For sites in England a ‘community consultation’ must be completed before the application is submitted. The scope of this varies depending on the scale of the project, but once again Renewables First would take care of everything and answer all of the questions that arise.
Once the wind turbine planning application is complete it is submitted, and once validated by the LPA the WP4 Application Management stage can commence.
WP4 Application Management
Next comes a crucial part of the wind turbine planning process which is sometimes overlooked.
Actively guiding the application smoothly through the process is vitally important to give it the highest chance of success. We will respond to any queries raised by statutory consultees or members of the public quickly and accurately and regularly liaise with the Planning Officer to ensure they have everything they need and try to secure a timely decision. Renewables First believe in proactively cultivating relationships with the Planning Authority, consultees and the community to try and reduce the amount of resistance to the application.
WP5 Post-consent and Appeals
Once a planning decision has been issued there is still work to be done. If wind turbine planning permission is granted Renewables First are equipped to deal with any planning conditions that are placed upon the project. During the planning phase we do our best to ensure that conditions are limited and not overly onerous or costly to discharge. We will co-ordinate the various parties to ensure timely construction.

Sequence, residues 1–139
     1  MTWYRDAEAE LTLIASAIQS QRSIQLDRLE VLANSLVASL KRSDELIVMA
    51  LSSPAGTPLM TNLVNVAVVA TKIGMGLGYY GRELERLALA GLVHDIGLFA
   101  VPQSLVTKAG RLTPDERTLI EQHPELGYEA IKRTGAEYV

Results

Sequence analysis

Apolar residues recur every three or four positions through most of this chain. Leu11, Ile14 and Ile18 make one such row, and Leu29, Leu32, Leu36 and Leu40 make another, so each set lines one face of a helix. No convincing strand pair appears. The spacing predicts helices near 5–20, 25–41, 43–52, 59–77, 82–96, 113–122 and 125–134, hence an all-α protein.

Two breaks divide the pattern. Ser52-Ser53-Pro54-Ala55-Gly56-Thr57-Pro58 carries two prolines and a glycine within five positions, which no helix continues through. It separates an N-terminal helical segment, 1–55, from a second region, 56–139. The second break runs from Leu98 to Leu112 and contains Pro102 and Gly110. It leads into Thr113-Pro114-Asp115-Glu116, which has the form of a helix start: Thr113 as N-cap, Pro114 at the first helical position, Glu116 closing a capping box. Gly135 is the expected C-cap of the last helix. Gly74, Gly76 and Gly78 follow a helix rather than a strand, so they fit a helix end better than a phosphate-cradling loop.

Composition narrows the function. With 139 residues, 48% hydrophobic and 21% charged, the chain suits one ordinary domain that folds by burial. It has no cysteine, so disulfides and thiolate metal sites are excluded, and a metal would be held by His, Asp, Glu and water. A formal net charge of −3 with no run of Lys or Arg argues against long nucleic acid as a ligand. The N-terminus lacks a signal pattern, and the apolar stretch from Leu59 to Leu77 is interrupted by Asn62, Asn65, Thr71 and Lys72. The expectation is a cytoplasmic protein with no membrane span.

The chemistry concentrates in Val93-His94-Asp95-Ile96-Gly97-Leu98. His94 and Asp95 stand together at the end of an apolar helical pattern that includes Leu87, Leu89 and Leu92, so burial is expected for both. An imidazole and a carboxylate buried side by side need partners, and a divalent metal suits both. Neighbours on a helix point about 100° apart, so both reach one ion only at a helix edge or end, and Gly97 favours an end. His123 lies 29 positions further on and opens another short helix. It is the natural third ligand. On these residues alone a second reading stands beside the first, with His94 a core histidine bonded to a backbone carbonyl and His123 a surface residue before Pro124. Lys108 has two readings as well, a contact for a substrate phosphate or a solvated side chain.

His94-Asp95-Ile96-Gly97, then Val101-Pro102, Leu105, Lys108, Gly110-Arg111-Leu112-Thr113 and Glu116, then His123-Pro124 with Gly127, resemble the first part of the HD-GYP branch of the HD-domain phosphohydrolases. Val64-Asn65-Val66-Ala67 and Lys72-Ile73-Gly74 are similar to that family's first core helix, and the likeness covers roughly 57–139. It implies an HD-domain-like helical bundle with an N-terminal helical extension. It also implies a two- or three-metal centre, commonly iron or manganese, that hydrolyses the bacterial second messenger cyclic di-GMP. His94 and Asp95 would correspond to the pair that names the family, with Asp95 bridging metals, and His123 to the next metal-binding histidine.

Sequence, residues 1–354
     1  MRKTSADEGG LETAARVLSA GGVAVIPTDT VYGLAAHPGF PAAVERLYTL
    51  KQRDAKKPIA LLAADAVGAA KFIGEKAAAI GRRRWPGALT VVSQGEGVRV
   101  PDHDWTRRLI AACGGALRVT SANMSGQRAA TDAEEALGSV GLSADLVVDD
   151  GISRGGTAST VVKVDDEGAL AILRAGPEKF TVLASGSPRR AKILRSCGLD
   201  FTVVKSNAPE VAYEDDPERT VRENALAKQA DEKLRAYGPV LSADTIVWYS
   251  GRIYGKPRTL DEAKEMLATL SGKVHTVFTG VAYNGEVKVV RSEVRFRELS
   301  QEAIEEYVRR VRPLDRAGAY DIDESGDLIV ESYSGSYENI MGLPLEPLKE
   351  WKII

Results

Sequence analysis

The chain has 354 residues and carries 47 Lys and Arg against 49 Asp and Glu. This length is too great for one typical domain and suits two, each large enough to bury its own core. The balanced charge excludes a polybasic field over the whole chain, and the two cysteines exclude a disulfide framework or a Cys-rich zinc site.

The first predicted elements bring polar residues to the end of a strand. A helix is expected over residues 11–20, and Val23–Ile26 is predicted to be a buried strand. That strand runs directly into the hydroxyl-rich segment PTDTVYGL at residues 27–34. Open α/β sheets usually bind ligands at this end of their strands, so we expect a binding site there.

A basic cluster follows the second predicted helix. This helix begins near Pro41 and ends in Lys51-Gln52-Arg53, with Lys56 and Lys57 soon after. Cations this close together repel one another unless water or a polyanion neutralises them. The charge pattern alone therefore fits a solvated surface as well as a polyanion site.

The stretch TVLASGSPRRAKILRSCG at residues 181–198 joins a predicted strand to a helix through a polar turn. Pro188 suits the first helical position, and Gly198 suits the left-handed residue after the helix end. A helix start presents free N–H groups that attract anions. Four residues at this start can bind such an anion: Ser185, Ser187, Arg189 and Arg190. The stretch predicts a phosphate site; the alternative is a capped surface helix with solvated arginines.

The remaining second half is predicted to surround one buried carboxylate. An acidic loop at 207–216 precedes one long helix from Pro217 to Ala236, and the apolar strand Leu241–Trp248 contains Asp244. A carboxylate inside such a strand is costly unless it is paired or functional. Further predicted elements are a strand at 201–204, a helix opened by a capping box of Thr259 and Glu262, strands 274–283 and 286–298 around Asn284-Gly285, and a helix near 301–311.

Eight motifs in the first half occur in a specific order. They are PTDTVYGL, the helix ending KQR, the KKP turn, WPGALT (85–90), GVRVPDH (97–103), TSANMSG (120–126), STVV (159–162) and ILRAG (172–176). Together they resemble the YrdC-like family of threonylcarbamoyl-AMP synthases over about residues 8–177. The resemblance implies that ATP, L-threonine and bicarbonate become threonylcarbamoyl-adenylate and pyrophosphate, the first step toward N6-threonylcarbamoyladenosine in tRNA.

If unsuccessful, Renewables First will review the options and advise whether to lodge an appeal. Renewables First have experience of the appeals process and have a network of specialists to assist us as and when required to ensure the appeal submission is cost effective and has sufficient detail to give the project the best chance. Appeals can take between 6 – 18 months to reach a decision depending on the scale of projects and the case load of the Planning Inspectorate / Welsh Government / DPEA.
Approximate wind turbine planning costs
Different sizes and numbers of wind turbine developments need different levels of planning application, which is reflected in the cost of the application. Obviously all sites are different and the prices below are for a ‘typical’ site; some sites might be less and others more expensive depending on how sensitive the site is.
50 – 100 kW Wind Turbine (less than 50 metre blade tip height)
All wind projects at this scale should be non-Environmental Impact Assessment (EIA). Along with the standard planning application requirements they will still require a basic Landscape and Visual Assessment (LVA) and basic Cultural Heritage assessment, along with a Phase 1 ecology survey. Some sites may need supporting bat and bird surveys. A typical price would be £10,000 + VAT (+ the application fee). The application would take 2 months to prepare and normally takes 4 months to be determined by the LPA once submitted.